Darwin’s contribution to Deep Original Thought – and why it is no use
|August 30, 2011||Posted by News under Culture, Darwinism, Intelligent Design, News|
“The more evolution encourages niceness within groups, the more it produces nastiness between them,” writes Matt Ridley in the Wall Street Journal (8/27/11). Matt notes that evolutionists agree that people, like other animals, “evolve the instinct to be nice (or acquire habits through cultural evolution). This happens within families but also within groups, where social solidarity promotes the success of the group at the expense of other groups.”
Really? How then do great, civil societies of people not genetically alike arise?
Why do people on the Toronto subway give their seats to tired old ladies they have never met and never will again? Why do they contribute to ovarian cancer research even though most of the money will benefit women they will never meet? Not members of their group? Selfish genes do not do that. Where have these people been all these years that they do not know about the civil society?
This theory is espoused by David Sloan Wilson, in “The Neighborhood Project,” in which he uses his hometown of Binghamton, NY, as his laboratory.
Yes, evolutionary theorist Wilson decided to descend from his ivory tower eminence and try to fix a has-been town and its religion. Never a dragon-filled moat around when you need one ….
The idea is that you give what you get, and if you are treated nicely by others, you will respond in kind, and be more trusting, too. The implication is that if you give social support, “you will create a better neighborhood.” The limitation, however, as Matt points out, is that such kindness works only “among friends and relatives.”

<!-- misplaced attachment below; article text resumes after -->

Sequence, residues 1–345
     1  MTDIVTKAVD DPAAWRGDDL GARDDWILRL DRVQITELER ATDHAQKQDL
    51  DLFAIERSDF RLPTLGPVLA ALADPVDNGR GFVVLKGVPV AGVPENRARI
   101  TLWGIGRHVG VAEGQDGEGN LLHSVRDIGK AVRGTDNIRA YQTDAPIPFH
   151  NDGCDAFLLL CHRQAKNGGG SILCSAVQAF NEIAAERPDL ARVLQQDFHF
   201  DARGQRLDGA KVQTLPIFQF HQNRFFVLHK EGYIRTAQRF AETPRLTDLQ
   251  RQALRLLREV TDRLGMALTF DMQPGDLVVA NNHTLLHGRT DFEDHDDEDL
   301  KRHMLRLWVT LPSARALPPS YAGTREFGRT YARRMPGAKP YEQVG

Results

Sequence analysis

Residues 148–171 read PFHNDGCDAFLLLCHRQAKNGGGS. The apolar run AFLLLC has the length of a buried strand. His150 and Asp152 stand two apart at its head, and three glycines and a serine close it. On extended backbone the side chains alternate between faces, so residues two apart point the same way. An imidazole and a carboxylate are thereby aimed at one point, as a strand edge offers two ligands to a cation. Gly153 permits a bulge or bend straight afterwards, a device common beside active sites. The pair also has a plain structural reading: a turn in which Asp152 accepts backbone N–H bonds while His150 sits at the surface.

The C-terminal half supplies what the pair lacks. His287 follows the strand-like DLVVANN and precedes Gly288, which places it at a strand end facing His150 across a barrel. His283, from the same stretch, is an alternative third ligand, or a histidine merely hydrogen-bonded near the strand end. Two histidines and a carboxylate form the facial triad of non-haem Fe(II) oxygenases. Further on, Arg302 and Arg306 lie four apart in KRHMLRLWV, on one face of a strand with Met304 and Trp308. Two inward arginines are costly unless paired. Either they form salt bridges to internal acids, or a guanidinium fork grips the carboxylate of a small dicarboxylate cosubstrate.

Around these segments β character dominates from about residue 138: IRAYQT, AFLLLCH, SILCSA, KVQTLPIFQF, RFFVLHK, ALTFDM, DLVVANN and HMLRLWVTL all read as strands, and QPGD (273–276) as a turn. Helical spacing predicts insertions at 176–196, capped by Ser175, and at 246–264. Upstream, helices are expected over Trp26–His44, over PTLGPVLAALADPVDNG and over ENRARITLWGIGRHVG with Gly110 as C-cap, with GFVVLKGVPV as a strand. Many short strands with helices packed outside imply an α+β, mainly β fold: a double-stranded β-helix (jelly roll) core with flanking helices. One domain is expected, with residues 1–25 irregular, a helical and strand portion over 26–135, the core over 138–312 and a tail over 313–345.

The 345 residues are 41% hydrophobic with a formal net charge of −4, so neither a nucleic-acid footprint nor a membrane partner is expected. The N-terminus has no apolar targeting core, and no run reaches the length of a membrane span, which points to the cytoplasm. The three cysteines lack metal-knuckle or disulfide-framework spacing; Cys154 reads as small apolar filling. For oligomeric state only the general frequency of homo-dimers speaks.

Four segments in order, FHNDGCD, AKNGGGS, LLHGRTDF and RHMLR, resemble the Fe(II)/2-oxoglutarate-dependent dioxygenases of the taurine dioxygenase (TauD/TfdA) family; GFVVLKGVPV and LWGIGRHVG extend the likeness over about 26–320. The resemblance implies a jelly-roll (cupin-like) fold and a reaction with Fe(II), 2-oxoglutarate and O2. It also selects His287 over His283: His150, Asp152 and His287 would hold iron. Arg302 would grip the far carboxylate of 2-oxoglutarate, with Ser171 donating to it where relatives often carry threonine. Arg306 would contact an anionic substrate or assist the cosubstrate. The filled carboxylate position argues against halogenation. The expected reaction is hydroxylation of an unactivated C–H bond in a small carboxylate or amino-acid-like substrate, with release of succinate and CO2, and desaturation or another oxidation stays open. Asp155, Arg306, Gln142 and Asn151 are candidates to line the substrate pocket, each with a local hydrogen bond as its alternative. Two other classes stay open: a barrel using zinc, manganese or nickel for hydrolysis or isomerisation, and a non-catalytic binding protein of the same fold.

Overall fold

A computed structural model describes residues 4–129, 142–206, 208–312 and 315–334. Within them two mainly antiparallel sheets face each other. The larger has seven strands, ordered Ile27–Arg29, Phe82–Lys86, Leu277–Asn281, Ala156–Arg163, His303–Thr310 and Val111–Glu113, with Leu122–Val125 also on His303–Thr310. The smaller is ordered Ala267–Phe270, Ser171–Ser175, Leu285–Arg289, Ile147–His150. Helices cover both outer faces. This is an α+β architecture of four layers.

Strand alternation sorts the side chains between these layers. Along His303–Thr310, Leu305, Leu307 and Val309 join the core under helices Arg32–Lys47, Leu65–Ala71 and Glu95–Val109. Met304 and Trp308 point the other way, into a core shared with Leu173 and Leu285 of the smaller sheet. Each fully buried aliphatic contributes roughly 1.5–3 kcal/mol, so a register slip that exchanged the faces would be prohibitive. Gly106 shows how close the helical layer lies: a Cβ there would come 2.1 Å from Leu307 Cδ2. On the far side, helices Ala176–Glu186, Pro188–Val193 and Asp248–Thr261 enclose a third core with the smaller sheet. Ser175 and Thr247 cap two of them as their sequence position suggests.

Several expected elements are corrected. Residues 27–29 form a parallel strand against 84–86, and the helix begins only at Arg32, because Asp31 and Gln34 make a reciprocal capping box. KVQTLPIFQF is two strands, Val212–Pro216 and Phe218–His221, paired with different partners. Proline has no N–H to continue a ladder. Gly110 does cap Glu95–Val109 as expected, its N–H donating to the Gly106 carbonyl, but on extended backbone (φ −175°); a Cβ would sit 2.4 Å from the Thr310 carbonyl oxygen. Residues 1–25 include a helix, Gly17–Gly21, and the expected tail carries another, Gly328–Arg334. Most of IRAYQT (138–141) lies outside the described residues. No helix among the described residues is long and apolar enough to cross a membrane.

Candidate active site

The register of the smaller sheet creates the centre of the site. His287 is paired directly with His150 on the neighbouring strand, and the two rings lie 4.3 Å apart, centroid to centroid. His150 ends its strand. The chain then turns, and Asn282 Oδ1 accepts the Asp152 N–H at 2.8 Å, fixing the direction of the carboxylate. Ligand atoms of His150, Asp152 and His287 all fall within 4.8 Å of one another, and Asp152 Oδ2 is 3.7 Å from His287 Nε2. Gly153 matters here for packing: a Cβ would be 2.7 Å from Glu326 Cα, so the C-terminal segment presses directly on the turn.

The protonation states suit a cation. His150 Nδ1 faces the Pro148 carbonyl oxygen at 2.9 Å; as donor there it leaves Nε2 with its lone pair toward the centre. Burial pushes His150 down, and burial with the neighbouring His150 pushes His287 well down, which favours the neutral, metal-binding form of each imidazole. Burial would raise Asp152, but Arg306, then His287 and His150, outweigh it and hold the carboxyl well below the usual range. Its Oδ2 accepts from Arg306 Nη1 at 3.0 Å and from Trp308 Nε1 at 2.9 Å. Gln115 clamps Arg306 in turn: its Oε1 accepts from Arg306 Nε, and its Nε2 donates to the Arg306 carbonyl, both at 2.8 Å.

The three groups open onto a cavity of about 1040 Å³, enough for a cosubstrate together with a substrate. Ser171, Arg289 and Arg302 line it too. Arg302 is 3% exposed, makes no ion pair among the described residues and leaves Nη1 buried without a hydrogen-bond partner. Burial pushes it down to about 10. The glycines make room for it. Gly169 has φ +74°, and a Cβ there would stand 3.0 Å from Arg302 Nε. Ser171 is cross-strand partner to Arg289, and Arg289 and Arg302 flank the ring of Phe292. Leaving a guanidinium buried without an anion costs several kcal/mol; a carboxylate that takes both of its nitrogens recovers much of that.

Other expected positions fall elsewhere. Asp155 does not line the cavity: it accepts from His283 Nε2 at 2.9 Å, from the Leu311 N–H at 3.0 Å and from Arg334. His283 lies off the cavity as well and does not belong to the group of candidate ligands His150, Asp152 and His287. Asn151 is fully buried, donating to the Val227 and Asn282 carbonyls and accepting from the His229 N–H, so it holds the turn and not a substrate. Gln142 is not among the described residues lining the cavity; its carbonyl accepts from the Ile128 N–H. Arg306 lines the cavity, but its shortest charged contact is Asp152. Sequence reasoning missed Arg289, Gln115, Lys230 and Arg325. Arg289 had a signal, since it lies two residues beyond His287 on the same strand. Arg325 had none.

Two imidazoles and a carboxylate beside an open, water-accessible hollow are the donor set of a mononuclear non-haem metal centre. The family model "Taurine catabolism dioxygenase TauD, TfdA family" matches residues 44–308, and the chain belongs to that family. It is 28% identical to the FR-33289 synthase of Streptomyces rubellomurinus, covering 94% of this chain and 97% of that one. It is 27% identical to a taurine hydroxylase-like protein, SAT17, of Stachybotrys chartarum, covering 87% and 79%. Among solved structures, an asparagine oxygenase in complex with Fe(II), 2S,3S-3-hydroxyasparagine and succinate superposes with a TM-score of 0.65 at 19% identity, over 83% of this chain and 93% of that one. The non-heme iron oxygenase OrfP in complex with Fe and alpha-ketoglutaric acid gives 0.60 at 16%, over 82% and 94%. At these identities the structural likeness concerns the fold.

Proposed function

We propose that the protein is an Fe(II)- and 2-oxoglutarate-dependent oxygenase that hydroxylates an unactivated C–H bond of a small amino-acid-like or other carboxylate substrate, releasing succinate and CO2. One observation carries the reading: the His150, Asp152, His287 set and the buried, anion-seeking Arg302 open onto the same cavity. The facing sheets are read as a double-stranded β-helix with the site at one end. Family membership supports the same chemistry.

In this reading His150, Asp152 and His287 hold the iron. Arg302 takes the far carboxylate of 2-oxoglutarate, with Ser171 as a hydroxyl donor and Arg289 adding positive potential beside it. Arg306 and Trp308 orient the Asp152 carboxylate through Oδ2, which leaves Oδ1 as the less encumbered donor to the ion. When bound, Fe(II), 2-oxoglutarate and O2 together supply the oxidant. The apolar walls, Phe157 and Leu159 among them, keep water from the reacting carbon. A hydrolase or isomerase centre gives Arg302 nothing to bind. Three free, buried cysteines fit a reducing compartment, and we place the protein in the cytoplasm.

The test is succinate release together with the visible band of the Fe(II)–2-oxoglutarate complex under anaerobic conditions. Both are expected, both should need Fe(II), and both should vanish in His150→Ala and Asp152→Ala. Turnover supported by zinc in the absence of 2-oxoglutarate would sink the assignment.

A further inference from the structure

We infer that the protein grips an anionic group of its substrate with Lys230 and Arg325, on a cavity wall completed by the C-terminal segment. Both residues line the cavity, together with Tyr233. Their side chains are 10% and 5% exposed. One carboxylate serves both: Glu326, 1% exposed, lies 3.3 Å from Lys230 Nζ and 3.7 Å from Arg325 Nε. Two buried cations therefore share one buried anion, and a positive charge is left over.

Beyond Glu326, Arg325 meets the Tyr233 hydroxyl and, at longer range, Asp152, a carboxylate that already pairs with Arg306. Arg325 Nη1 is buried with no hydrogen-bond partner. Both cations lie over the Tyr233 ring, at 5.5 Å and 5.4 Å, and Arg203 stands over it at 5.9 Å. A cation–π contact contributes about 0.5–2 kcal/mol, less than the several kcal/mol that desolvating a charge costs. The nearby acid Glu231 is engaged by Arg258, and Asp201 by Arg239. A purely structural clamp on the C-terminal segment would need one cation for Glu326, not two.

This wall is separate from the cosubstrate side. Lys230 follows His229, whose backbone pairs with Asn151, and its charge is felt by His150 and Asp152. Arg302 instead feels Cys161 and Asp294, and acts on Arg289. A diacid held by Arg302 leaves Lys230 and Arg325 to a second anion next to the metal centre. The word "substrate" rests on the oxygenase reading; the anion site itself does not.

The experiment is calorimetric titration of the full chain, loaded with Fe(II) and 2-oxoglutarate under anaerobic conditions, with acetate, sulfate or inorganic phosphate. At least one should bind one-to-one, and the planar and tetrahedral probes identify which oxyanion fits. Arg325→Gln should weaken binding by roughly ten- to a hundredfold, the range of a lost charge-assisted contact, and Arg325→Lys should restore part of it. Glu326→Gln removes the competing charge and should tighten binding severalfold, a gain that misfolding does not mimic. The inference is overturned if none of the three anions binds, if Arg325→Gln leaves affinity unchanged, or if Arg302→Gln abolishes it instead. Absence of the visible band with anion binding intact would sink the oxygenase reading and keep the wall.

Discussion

It’s astonishing that institutions of learning fund people to spout this nonsense. Clannishness is learned – and so is civil society. It gets better:
The point is that “though human beings do kind things unrewarded for their neighbors, for reward they do kind things for strangers: They hand more cash to merchants than they do to beggars.”
Of course people hand more cash to merchants – they provide needed goods and services. The average beggar provides an opportunity to do local charity – one among many others, and usually a questionable one at best.
People risk their lives for strangers. The Toronto subway has a policy of reproving people who jump into the pit to save an accidentally fallen person they have never met, for that reason.
If Darwinism depends on data from failed societies … well, it would depend on that, wouldn’t it?
Hat tip: Five Feet of Fury